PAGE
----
Despite his obsession with privacy and death, Clarke is an endlessly entertaining narrator, and his insights into the international underworld and the human condition are intriguing. "Everyone is a terrorist," he observes. "Everyone carries a gun in his heart. Most do not fire simply because they have no cause to pursue.
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20 of 21 people found the following review helpful By Francis K. Kwok on September 28, 2004
Format: Hardcover
I read Lawrence Bloch's Hitman series and I though this would be the European version, but was I wrong! The Bloch books focused in more on the witty comments and action between Keller and his handler.

Booth's book is focused on a previously unknown aspect of a high profile assissination (I won't spoil it for you) that no one really thinks about before.

The main character, Mr. Buttefly, is well written and complex as is the plot. I never could guess where the next chapter would lead, much less the book. The other supporting cast are equally enthralling and layered.

This book reminds of a cross between A Year in Provence and A John LeCarre spy novel.
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24 of 28 people found the following review helpful By Genise Clark on September 2, 2004
Format: Hardcover
As a writer I have a intense love for books. I picked this book up at the library. The title interest me only because it contrasted the illustration of the book. When viewing the title I thought it immediately would be a love story. However, I immediately realize that a man was holding a gun and only part of his face could be shown. I begin reading the book. I came to love Mr. Butterfly. He seemed so complicated. At first it seems he is content with not having a true identity or noone with whom he can trust. However, the longer he stays in the Italian countryside the longer he realized that he wants something more. He finally got the chance to see what life would be like if he just settled. He could paint butterflies, sit at the bar with trustworthy neighbors, have intimate talks with his friend the priest, and fall in love with the beautiful young woman. Though his past and most important one of his "mistakes" ends up threatening his future. I have read too many books and realized how story like this end. What happens to the character. Time again I asked myself why am I still reading this. When I got to the end I realized the answer. Booth's language captivated me. Page by Page I waited for the inevitable yet hoping it would not happen. I loved this book, even in the the last sentence he leaves you wanting more. Not only for the story, but also for the character. I was intrugued by how the character was formed and most importantly his profession.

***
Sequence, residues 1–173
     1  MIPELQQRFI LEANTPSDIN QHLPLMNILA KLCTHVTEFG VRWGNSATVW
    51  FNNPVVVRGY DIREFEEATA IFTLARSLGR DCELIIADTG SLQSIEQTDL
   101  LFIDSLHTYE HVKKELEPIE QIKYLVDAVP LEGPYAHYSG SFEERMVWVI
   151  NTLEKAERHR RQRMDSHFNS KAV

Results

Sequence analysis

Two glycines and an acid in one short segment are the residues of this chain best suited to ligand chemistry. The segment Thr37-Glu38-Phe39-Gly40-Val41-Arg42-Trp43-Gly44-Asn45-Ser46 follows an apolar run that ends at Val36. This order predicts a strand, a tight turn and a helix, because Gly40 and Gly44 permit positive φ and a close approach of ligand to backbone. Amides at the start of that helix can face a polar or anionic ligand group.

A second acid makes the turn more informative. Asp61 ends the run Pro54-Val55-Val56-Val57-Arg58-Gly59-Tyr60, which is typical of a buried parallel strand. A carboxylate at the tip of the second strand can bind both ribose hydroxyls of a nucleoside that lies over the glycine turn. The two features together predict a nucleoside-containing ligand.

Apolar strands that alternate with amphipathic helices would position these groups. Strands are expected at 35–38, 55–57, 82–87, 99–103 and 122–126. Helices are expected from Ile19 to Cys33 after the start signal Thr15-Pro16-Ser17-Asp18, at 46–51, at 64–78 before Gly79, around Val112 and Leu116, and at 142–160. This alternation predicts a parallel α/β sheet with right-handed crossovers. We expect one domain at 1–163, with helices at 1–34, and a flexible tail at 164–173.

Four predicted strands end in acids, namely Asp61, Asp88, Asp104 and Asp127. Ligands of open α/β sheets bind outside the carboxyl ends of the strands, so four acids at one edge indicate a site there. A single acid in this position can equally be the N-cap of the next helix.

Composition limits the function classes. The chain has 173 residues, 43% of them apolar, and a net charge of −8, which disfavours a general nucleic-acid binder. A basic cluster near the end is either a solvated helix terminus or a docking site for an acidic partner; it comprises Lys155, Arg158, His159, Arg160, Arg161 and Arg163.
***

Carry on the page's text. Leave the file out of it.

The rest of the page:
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7 of 7 people found the following review helpful By Steve VINE VOICE on July 21, 2012
Format: Paperback
Martin Booth's "A Very Private Gentlemen," also published as "The American" to coincide with the movie of the same name, is a methodical first person narrative on humanity, the value of life, the absurdity in our behavior, death's inevitability, and the daily battle to survive despite Booth's quite sour disposition on life. At times misanthropic, other times resigned and morose, and yet other times hopeful, it is insightful and honest.

Known by the locals as Sr. Farfalle/Mr. Butterfly, the narrator is a hit-man/weapons craftsman who is beginning a new assignment which has taken him to the remote Italian countryside. The story unfolds from his narrative; his constant state of awareness/paranoia (much less frantic than Clooney's portrayal in the movie), the daily routines of his life in the small town, tales of his previous adventures, evocative passages about the beauty of Italy, and the details of his craft. Thankfully, there are conversations between Sr. Farfalle and his small circle of acquaintances, most specifically Father Benedetto and the prostitute Clara that provide welcome respite. These are oases in the novel, to be sure because the author's accounting of his life, work, and personal philosophies can get tedious at times. They start out as visual appealing, acutely observant, and at times even amusing in their simmering cynicism, but after a while shades of smugness appear. Booth is a good writer but his erudite nature sometimes interferes with the pleasure of the story.

If you came to this novel from the movie (as I did), you already have an idea of the methodical nature of the tale; so the lack of page-turning excitement shouldn't surprise you or disappoint you too much.